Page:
A Shakespearean Glance at the People and Issues of the Day.

Tuesday, October 25, 2005

Richard II and George Galloway


Like Richard II, George Galloway has a flair for the self-dramatic.

Galloway is a member of the British parliament and long-standing apologist for Saddam Hussein who, it is clear to any thoughtful person familiar with him, accepted oil-for-food money from Saddam. To think otherwise at this late date would represent an exercise in keeping one's mind so open that one's brain falls out. The money was intended for those who were suffering under Saddam's regime, and was doubtless offered to Mr. Galloway either in exchange for or in appreciation for his services as that regime's loud apologist. King Richard II:

"And for these great affairs do ask some charge:
Towards our assistance we do seize to us
The plate, coin, revenues, and movables,
Whereof our uncle Gaunt did stand possess'd."

For years Mr. Galloway had the world at his command. A princely podium from which to amplify Saddam's arguments and at his back the UN and an Arab Islamic world united in opposition to the West. Fat times proceeded, but they were ultimately to be followed by lean. The Americans, aided by his own British army, at last rolled into Baghdad after twelve lost years that approximated Moses' lost forty, and the coalition behind Galloway began to fall away:

"What is become of Bushy, where is Green?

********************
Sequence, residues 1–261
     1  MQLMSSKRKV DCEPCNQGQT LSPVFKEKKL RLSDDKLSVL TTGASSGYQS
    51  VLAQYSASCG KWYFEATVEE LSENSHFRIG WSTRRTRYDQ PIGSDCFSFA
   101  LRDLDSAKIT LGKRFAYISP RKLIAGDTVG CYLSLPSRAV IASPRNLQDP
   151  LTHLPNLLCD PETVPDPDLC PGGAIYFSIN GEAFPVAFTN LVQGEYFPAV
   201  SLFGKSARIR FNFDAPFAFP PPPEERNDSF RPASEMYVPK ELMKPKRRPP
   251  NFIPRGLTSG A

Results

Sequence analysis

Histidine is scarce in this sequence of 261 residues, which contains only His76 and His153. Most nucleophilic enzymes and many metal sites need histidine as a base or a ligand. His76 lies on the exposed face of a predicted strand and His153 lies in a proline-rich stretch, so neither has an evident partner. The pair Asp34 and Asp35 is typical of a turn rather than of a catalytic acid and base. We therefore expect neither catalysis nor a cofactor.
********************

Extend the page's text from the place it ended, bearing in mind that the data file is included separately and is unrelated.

That they have let the dangerous enemy
Measure out our confines with such peaceful steps?
If we prevail, their heads shall pay for it:"

That 'Bushy' is a bonus. Let's take it as a reference to the first president Bush, who hesitated at the brink of Baghdad, but who can't help Galloway now. And as if that weren't enough, how much more galling for Galloway to see the slow steady progress of a civil Iraq, Shia, Sunni and Kurd, a nation forming itself even under the storm of terror:

K. Rich: "I warrant they have made peace with Bolingbroke."

Scroop: "Peace have they made with him, my lord."

Mr. Galloway was recently invited to testify in front of a US congressional committee, under oath, about his involvement in the criminal diversion of the oil-for-food money. At the time his performance was considered a rhetorical success and a matter of some chagrin for the legislators who interrogated him. The art of public speaking has long since withered here in America, and our stolid, mush-mouthed, pork-delivering congressional hacks were no match for Mr. Galloway's silver tongue.

"And thou a lunatic lean witted fool,
Presuming on an ague's privilege,
Dar'st with thy frozen admonition
Make pale our cheek, chasing the royal blood
With fury from the native residence…"

So it was a matter of some comfort to discover that hard evidence has now been assembled that flatly contradicts the admissions Mr. Galloway made under oath. Mr. Galloway is now self-dramatically challenging the Americans to indict him:

"Give me the glass, and therein will I read, -
No deeper wrinkles yet? Hath sorrow struck
So many blows upon this face of mine,
And made no deeper wounds? – O flattering glass,
Like to my followers in prosperity,
Thou dost beguile me."

There are certain public figures who display such infamy, and such psychotic unawareness of it, as to invite decent men to look away from them in daylight. Michael Jackson is probably America's great contribution, though murderers like Scott Peterson and O.J. Simpson may trump a mere molester the way a flush beats a straight. Galloway, Saddam's and perhaps also Richard II's soul mate, seems to be another.

Links to this post:

Create a Link

<< Home

Subscribe with Bloglines